Safeguarding / Child Protection Policy
Safeguarding is a term which is broader than ‘child protection’ and relates to the action we take to promote the welfare of children and protect them from harm. Safeguarding is everyone’s responsibility. Everyone who comes into contact with children and families has a role to play.
Safeguarding is defined in the Working together to safeguard children 2013 document as:
•protecting children from maltreatment
•preventing impairment of children’s health and development
•ensuring that children grow up in circumstances consistent with the provision of safe and effective care; and
•taking action to enable all children to have the best outcomes
The African Families in the UK CIC Directors, Volunteers and Staff members work with a variety of vulnerable groups, including children, and will always act in their best interests and will ensure they take all reasonable steps to prevent harm to them. Having safeguards in place within this organisation not only protects and promotes the welfare of children but also it enhances the confidence of directors, staff, volunteers, parents/carers and the general public.
All children have the right to be safe and to be protected. All professionals have the responsibility to safeguard and promote the welfare of children. This can only be achieved through professionals working together and agencies co-operating to ensure the well-being of children within their area. The African Families in the UK CIC is committed to working in partnership with others across the statutory and voluntary sectors to ensure that children are protected from harm.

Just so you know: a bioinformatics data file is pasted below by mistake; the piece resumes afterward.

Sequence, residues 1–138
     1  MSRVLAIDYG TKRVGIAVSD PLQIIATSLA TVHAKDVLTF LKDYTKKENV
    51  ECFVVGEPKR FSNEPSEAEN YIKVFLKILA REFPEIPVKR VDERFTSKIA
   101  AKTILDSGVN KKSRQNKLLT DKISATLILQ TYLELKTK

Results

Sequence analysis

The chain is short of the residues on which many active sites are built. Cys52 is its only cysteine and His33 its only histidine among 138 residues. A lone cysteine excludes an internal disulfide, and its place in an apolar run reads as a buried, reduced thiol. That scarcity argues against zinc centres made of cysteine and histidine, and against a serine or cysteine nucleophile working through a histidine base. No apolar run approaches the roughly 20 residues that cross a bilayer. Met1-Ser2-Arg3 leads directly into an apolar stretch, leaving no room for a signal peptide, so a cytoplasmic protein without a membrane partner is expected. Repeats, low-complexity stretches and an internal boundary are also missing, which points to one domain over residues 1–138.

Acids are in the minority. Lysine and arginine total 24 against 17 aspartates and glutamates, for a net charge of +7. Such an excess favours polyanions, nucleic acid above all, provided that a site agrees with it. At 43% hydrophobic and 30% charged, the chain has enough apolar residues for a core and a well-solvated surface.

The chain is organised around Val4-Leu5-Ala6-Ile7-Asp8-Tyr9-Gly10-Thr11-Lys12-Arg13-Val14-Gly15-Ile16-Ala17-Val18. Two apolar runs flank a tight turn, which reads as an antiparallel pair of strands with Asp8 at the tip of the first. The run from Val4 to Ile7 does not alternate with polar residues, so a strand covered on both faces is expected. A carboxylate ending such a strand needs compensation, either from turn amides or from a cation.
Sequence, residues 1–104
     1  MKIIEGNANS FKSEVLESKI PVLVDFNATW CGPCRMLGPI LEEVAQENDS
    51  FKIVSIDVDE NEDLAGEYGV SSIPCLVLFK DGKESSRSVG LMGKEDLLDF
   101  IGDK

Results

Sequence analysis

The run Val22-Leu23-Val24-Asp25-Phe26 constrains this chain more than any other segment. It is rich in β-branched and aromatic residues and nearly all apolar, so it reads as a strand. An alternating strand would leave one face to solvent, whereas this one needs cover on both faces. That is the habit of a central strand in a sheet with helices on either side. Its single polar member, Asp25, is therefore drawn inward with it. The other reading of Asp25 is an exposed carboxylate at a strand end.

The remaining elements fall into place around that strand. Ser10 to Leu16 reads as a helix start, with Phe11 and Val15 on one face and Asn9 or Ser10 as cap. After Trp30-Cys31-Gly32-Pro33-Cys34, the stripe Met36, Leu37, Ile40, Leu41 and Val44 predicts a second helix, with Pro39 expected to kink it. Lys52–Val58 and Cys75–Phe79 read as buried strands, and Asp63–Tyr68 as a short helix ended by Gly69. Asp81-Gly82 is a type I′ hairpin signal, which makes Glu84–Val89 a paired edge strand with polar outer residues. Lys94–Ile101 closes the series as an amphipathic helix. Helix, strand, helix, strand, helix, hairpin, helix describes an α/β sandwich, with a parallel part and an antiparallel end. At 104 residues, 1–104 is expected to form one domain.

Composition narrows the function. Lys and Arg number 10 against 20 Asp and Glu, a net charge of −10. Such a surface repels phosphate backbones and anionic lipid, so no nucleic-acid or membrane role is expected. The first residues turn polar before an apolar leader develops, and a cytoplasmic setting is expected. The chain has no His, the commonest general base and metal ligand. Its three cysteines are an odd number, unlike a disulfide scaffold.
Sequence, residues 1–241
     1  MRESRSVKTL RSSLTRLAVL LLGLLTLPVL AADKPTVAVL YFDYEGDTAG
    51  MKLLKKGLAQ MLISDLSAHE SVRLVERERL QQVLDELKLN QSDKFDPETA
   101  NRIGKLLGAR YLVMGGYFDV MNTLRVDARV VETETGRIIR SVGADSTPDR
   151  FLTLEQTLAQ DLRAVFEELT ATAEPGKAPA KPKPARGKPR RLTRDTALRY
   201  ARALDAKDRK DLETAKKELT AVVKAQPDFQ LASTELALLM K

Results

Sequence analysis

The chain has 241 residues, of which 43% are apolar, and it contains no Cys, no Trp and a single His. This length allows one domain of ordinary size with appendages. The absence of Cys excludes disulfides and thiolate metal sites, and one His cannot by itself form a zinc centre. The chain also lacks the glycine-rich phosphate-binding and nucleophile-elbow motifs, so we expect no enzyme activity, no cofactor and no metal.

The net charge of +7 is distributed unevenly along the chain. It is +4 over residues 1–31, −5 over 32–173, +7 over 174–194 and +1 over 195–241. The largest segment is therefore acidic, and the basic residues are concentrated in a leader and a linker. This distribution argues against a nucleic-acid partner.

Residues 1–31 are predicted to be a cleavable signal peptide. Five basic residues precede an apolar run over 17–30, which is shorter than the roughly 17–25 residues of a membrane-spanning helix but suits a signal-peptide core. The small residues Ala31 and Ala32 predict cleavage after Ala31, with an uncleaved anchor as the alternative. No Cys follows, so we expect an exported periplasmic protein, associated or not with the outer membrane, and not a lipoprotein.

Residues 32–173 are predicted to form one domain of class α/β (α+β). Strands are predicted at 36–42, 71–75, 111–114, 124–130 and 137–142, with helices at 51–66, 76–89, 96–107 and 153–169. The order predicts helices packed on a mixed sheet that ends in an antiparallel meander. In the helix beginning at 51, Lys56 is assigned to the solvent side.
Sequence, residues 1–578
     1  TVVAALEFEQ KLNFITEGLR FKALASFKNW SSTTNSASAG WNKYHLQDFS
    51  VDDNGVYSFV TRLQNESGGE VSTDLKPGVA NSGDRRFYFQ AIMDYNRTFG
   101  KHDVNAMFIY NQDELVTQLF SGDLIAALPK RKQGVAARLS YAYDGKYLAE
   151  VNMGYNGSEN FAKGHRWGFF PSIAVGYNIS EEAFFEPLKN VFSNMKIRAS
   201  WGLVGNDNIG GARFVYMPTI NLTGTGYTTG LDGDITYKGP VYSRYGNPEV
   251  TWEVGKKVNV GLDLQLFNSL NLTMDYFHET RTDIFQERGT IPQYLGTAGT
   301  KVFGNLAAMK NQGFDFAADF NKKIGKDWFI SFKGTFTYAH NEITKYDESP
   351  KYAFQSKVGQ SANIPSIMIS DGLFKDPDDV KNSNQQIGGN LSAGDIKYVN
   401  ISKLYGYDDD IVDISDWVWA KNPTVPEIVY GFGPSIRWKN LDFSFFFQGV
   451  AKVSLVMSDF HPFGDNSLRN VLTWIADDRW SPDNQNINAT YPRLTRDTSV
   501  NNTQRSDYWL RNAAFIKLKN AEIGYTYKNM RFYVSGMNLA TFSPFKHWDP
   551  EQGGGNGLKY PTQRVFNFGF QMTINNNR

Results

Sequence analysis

The African Families in the UK CIC shares the beliefs that:
The welfare of the child is paramount and should underpin all child protection work and resolve any conflicts of interest;
All children deserve the opportunity to achieve their full potential;
All children have the right to be safeguarded from harm and exploitation whilst consideration must be given to:
- Race, religion, preferred language or ethnicity
- Gender or sexuality
- Health or disability
- Location or placement
- Criminal behaviour
- Political or immigration status
These must not impede a child’s right to be safeguarded from harm and exploitation.
The African Families in the UK CIC ensures that all staff and volunteers:
- Have been checked for suitability for working with children and understand the extent and limits of their role;
- Are sensitive to the possibility of child abuse and neglect in all environments in which they have responsibility for children;